Last Updated on 2020/12/07
This mammoth study is a major contribution to the study of Chinese literature, making available to scholars a rare storyteller’s script from the late Qing period.
The script is published in its complete form, both in facsimile and transcription, with an English translation also made. Its publication is of high importance not only to preserve knowledge about one of the famous oral traditions of China, but also as a unique documentation of the interplay between orality and literacy in Chinese storytelling.
The book is also the first translation into a European language of this popular semi-historical narrative. Moreover, this storyteller’s version is unique and entertaining. The work is an ideal classroom book for students studying Chinese history, literature, oral literature, storytelling, etc.
Critical acclaim: ‘This discovery of a genuine storyteller’s script has huge implications for scholars of traditional Chinese literature, since the novel was modeled on oral storytelling and the exact relationship between them has been a subject of ongoing debate. Publishing the full script will allow scholars to use this rare find to investigate many vital questions in Chinese popular culture’ (Margaret Wan). ’[A]n excellent collaborative effort between two of the most accomplished scholars in the study of Chinese oral literature’ (Mark Bender).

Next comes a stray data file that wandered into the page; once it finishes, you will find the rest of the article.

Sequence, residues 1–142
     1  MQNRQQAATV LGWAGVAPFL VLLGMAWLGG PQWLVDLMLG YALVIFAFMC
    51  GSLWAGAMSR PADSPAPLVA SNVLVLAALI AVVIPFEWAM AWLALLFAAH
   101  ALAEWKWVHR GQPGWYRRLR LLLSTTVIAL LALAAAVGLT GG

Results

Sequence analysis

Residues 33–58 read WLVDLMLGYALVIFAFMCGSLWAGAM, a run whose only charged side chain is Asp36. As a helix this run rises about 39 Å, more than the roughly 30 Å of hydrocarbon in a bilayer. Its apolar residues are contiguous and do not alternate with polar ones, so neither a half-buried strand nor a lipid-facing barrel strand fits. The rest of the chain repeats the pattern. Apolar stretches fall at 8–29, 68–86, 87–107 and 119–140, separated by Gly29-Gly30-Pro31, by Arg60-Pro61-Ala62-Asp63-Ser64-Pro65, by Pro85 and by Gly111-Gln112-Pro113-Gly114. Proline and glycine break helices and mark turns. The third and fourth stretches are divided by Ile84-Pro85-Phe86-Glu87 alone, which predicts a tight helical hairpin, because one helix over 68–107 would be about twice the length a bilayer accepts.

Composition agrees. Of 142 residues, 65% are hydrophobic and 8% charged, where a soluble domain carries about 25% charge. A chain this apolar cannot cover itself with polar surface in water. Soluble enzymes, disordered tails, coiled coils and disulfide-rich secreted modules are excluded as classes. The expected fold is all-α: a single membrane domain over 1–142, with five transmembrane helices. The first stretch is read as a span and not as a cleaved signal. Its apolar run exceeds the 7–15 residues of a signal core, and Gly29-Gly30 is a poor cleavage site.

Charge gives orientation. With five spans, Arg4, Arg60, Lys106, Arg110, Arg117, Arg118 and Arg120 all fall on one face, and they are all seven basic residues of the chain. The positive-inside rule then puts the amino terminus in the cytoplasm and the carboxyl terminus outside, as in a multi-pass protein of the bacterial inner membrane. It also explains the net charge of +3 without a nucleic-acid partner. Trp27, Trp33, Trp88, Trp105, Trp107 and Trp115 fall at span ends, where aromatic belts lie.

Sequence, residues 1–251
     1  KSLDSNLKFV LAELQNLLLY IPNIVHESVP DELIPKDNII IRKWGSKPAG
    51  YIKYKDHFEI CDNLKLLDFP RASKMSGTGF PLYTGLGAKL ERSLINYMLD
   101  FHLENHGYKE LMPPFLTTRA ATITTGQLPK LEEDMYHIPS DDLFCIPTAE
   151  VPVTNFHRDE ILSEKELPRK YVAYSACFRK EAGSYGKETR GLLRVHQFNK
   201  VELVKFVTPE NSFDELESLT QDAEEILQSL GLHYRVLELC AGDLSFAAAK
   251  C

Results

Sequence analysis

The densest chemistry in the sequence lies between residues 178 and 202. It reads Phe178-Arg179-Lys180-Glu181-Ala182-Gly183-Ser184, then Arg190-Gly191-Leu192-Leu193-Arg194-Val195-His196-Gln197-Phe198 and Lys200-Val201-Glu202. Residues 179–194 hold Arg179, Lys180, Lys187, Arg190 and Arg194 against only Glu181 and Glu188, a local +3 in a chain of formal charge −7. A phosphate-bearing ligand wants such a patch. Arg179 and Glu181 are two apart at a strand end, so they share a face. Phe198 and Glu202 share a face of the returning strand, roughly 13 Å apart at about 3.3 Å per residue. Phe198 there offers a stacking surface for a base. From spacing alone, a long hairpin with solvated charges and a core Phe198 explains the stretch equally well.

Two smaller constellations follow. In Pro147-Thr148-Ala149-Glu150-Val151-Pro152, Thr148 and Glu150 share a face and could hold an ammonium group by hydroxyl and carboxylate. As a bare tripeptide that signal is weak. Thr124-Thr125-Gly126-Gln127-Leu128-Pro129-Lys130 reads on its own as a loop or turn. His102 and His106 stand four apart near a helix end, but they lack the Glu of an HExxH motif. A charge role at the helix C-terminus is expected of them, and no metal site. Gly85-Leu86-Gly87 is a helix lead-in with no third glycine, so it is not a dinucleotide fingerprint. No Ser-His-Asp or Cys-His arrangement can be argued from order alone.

Ph.D., Dr.Phil. Vibeke Børdahl
Vibeke Børdahl, Ph. D., Dr. Phil., senior researcher at NIAS, specialises in Chinese oral literature and dialectology. Her recent research is concerned with the interplay of oral and written traditions in Chinese popular literature and performance culture.
Her book-length studies and edited volumes include Along the Broad Road of Realism. Qin Zhaoyang’s World of Fiction, The Oral Tradition of Yangzhou Storytelling, The Eternal Storyteller, Oral Literature in Modern China, Chinese Storytellers- Life and Art in the Yangzhou Tradition, Four Masters of Chinese Storytelling- Full Length Repertoires of Yangzhou Storytelling on Video, The Interplay of the Oral and Written in Chinese Popular Literature.
Liangyan Ge is Professor of East Asian Languages and Cultures at the University of Notre Dame. Seen as being at the forefront of current research on Chinese storytelling, his research interests include premodern Chinese vernacular fiction and the interplay between the oral and the written in Chinese popular culture and literature.